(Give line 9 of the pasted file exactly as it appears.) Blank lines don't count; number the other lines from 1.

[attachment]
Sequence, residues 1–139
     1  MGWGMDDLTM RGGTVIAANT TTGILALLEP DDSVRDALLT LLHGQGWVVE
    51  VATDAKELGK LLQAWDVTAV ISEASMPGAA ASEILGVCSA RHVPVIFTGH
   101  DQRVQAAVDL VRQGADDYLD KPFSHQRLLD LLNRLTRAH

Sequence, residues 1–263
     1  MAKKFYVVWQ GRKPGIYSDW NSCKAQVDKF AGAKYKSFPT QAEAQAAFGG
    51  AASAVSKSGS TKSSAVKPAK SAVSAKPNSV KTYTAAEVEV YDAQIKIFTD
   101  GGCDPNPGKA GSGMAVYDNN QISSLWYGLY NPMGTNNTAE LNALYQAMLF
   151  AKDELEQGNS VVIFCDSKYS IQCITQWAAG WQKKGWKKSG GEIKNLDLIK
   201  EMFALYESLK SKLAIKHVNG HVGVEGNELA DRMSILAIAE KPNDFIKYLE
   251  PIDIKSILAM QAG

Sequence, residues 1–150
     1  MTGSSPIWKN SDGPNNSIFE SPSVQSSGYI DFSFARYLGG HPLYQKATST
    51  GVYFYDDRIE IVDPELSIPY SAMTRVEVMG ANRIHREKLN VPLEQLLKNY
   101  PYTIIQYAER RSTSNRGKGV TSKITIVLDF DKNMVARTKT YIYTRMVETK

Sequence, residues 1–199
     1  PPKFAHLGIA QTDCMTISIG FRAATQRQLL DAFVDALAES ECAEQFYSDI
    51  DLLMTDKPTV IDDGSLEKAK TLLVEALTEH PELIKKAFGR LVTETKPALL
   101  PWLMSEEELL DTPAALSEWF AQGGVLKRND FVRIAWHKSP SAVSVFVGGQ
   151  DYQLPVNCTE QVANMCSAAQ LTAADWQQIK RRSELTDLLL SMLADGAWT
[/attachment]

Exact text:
   151  AKDELEQGNS VVIFCDSKYS IQCITQWAAG WQKKGWKKSG GEIKNLDLIK